By Charlene McKellar
The Haldimand Press – October 6, 2022
PORT MAITLAND—The shores of the Grand River have a rich and busy history that many hope to discover, understand, and share with others. One group, the Port Maitland “On The Grand” Historical Association (PMHA), has been doing just that since it was founded in 2005.
The group focuses on the heritage of the “former townships whose borders touched the Grand River between Port Maitland and its source.” One of the numerous objectives include “to encourage the citizens of this area to learn about their history by documenting and photographing, sketching, and writing about it.”
“We believe in preserving history through art,” said William (Bill) Warnick, Association President, who has been in the position since it was founded. Prior to that Warnick had written a newsletter called The Grand Despatch, mostly read by the cottagers of the area.
The publication included stories of the area to help inform people of the local history, and one of his readers asked him to write about an overgrown shipping lock located where the Welland canal used to come out.
“I had to do some research for that,” admitted Warnick. His research led him to believe the land was owned by Haldimand County, though later he found out it was actually owned by CP Rail.
The local group cleaned up the area, but learned they had to lease the land to continue cleaning it for public use. To do that they had to be a corporation, and from there they formed PMHA.
The original membership of PMHA was about 10, with volunteers helping to keep the lock cleaned up. Warnick stated they were up to 120 members prior to COVID, and since starting back up again just a few months ago they stand at about 40 members.
“We’re always looking for volunteers,” said Warnick, adding, “I’d like to have more people come join our executive.”
Previous projects of the PMHA include unveiling a portrait of Sir Frederick Haldimand by artist William Biddle, which was hung in the new municipal building; a commemorative cairn erected in Port Maitland to pay tribute to significant historical events of the area; and the donation of history books to the Dunnville Secondary School.
With their objectives in mind, PMHA has now commissioned original paintings to sell the prints. The newest print for sale is a revised painting of the Grand River Naval Depot.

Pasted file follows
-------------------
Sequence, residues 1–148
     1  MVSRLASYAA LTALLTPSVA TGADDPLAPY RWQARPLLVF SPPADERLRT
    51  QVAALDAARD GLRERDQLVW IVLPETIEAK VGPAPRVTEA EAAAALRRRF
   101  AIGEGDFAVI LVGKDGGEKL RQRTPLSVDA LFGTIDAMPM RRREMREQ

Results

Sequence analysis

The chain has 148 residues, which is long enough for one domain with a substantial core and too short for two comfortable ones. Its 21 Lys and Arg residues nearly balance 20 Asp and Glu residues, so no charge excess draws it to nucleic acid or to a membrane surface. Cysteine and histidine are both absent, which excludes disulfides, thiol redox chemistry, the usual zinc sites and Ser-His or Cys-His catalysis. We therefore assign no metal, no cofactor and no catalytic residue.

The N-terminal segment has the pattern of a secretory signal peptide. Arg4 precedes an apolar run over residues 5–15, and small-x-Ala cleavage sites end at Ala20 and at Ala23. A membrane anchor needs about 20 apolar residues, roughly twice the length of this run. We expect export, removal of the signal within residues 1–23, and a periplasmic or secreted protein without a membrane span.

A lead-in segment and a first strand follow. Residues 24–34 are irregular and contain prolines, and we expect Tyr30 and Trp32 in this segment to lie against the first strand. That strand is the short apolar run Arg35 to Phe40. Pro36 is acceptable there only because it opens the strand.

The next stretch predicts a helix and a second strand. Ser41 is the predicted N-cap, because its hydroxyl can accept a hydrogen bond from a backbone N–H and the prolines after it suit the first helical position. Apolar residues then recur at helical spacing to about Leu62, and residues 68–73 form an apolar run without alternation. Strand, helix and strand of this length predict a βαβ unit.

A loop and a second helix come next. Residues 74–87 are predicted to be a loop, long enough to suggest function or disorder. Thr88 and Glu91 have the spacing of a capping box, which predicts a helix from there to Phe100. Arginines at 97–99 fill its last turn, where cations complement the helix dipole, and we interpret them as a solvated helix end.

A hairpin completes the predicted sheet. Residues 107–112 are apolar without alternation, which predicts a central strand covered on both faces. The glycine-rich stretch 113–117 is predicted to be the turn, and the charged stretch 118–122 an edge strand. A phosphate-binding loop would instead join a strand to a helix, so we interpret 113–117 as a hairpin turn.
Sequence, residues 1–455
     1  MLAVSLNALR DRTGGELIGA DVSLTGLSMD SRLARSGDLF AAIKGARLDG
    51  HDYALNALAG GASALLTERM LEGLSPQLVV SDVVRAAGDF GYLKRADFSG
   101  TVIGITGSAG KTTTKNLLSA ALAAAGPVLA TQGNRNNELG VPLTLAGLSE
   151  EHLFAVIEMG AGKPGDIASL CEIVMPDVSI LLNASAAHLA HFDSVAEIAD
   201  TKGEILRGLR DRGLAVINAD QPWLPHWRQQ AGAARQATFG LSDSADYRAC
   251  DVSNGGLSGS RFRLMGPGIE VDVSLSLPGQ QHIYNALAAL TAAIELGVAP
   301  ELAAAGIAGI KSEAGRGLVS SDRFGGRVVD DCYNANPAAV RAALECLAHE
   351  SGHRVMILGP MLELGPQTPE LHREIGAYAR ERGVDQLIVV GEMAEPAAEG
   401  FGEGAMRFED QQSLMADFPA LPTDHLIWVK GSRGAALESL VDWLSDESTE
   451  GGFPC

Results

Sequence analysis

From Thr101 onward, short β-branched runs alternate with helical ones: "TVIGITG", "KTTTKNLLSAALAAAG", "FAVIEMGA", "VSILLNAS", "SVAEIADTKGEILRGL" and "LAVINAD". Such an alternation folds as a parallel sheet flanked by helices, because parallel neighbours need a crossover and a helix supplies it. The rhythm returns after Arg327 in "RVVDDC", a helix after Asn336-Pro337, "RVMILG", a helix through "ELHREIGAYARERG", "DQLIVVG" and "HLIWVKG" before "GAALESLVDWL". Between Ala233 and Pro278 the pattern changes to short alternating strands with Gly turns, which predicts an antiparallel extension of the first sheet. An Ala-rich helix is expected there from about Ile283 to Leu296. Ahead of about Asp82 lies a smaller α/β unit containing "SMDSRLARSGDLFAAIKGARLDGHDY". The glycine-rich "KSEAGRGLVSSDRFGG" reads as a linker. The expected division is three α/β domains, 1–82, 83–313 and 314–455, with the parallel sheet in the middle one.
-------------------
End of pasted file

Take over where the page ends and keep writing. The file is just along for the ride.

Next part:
Port Maitland served as an ideal place for a Royal Navy Depot during the War of 1812 and continued to serve this purpose for some time after the conflict. Some of the depot was washed away by a storm in 1827, and the remaining buildings had fallen into ruin by 1834 when the establishment was fully abandoned.
In 2000, local John Docker commissioned Peter Rindlisbacher to paint an impression of what the Naval Depot may have looked like in 1817. Warnick explained, “I think they got it pretty close except for one thing.”
As Wanick grew up around Beckley Beach, the place where the naval depot had been located, he recalls seeing what looked like quarried sand, explaining that there would be shear drops in the area.
From that he came up with the theory that Beckley Beach used to be much higher than it is today. Further research both into the movement of sand in the area and into the local memory of a boat called Charles Dick, a sand dredger located at Port Maitland, satisfied Warnick that his theory held some truth.
After discussing the theory with Rindlisbacher, the artist agreed to modify his original painting and create a new impression of what the depot may have looked like in that time.
This modified print is available in two versions, an 11″ x 14″ with a half-inch border is available for $50, and the second version is a limited edition print with the artist signature, sitting at 12″ x 16″ and available for $75. Shipping is an extra $31 if pick up cannot be arranged.
Another image available for purchase is a print of a painting by William Biddle of William Biddle Gallery Dunnville. This print depicts aspects of Port Maitland Harbour spanning three decades.
Warnick explained that the pier is a depiction of how it might have looked around 1900, the ship from early 1900, and the boat is more accurate to 1930. This print is available for S50 as well. Further prints are also available of the Mohawk Lighthouse for $75.
The PMHA will be donating copies to libraries in the southern part of Haldimand County close to Port Maitland, as well as a variety of other places.
Warnick disclosed that the prints are worth more than they are really charging but said, “We want to get them out there, more than making money.” He went on to exclaim that preserving history with art allows history to live on: -100 years from now the history is still there.”
For more information, people are encouraged to contact Warnick by email at president@ port-maitland.ca.